By the late 90s, however, the genre had come to be seen as essentially "easy-listening" or "elevator music", and had faded from view due to overexposure (TV commercials and movies used it quite extensively during this period) and competition from the related (but much harder-edged) Big Beat sound of groups like The Chemical Brothers, The Prodigy and Fatboy Slim. However, Massive Attack and Björk retained popularity by continuing to evolve (Bjork arguably left it after her first few albums), and the genre never really died, it just went back underground. Numerous older groups are still around, and the occasional newer artist has emerged.

See also Alternative Dance (Trip-Hop is arguably a subgenre of it), Alternative Hip Hop (a big influence), Instrumental Hip Hop (which it often overlaps with) and the Industrial Hip-Hop subgenre of Industrial, as well as Acid Jazz (similar feel and influences, but mostly live-based and Funk / Jazz influenced) and Big Beat (a reltaed, but much much faster and more aggressive subgenre of Electronic Music that was popular in the late 90s) for related genres.

Artists who play Trip-Hop include:


Trip-Hop as a genre provides examples of:

  • Alternative Dance: Arguably a subgenre of it, and certainly an influence.
  • Alternative Hip Hop: Many artists are also this.
  • Amen Break: Used sometimes, though when it is, it's often thoroughly messed-with.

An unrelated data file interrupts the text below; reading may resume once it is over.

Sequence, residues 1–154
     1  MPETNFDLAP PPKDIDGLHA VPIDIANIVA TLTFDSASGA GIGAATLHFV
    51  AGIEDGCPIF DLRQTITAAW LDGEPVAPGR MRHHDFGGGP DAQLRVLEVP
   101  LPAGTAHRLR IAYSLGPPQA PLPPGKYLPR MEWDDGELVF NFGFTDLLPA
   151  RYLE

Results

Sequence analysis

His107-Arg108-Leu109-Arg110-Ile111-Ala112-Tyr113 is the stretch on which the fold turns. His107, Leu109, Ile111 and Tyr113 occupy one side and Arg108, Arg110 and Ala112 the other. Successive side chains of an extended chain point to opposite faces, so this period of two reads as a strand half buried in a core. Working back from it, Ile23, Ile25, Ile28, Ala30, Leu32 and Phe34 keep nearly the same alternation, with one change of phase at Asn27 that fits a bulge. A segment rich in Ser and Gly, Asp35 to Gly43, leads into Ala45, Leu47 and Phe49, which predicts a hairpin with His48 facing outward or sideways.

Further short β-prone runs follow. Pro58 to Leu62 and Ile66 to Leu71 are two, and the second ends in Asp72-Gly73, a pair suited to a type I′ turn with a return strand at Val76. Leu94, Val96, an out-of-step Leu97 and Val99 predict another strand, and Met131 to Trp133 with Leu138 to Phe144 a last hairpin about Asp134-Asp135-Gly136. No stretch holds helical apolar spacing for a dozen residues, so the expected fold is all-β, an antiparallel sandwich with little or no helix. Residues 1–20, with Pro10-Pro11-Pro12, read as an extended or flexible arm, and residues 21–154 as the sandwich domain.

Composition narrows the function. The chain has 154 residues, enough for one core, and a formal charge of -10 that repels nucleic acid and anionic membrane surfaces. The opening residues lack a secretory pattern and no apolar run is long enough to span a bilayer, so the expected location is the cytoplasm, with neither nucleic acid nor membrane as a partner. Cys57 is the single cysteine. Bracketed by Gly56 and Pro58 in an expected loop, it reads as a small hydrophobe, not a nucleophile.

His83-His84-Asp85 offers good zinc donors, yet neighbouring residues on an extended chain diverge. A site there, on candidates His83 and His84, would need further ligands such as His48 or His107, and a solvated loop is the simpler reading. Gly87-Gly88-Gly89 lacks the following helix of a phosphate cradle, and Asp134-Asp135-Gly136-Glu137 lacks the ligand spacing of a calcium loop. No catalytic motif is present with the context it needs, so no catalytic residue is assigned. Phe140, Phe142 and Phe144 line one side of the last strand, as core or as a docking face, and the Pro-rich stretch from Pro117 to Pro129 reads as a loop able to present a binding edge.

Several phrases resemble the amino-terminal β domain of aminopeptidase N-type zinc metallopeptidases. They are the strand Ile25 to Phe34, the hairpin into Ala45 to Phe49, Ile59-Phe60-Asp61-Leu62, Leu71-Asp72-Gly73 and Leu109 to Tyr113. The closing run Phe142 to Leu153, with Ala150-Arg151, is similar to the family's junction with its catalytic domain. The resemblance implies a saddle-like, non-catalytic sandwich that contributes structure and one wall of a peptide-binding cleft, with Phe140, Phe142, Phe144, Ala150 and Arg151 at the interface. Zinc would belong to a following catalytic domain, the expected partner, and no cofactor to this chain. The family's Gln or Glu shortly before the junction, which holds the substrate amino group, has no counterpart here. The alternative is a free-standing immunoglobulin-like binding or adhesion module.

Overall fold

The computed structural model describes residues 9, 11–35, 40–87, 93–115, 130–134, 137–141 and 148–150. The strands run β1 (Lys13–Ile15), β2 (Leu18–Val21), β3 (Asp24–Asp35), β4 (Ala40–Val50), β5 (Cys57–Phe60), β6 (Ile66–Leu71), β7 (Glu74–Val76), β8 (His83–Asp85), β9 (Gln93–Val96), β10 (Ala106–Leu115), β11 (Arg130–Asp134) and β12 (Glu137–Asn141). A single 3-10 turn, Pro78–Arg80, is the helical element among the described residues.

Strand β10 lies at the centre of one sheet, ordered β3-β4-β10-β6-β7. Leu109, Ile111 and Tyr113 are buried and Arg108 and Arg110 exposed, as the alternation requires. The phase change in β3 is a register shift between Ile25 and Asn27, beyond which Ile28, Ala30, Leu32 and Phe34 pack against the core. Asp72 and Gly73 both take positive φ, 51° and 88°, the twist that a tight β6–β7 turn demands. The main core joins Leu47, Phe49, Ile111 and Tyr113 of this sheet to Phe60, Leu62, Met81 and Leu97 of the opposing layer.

• Common Time: Usually, though it doesn't always sound it. However, sometimes it's...
  • Creator Backlash: Most of the artists in this genre have spoken openly about their dislike of the phrase 'trip hop', claiming it underestimates the sounds they set out to achieve. They have also been critical about their reputation for being used as "dinner party" music, which has led to artists like Portishead and Massive Attack shifting into darker and more abrasive territory on subsequent albums.
  • Echoing Acoustics: Especially on Dub-influenced tracks.
  • Electronic Music: Though it's not what most people think of when they think of Electronic Music...
  • Film Noir: Sometimes seems like the appropriate soundtrack to this.
  • Gratuitous Panning: Occasionally. It makes it "trippy".
  • Instrumentals: Fairly common- DJ Shadow has some great ones, for example.
  • Mind Screw: The lyrics can invoke this from time to time. Again, "trippy" is appropriate.
  • Neo Classical Punk Zydeco Rockabilly: Very common, and arguably a defining part of it.
  • Retraux: Often Invoked by the use of old records as sampling material.
  • Sampling: An essential part of the genre's aesthetic- examples are too numerous to list. Old, scratchy vinyl is favored.
  • Soprano and Gravel: Sometimes, though not in the same way as Metal bands- it's not uncommon for a male rapper to duet or trade parts with a tuneful soprano.
  • Theremin: Used (or sampled) from time to time.
  • Trope Codifier: Portishead for most, Massive Attack for people who don't consider them the Trope Maker.
  • Trope Maker: Usually considered to be Massive Attack.
  • Ur-Example: Renegade Soundwave, Gary Clail and Tackhead. The latter two were both affiliated with Adrian Sherwood, another example.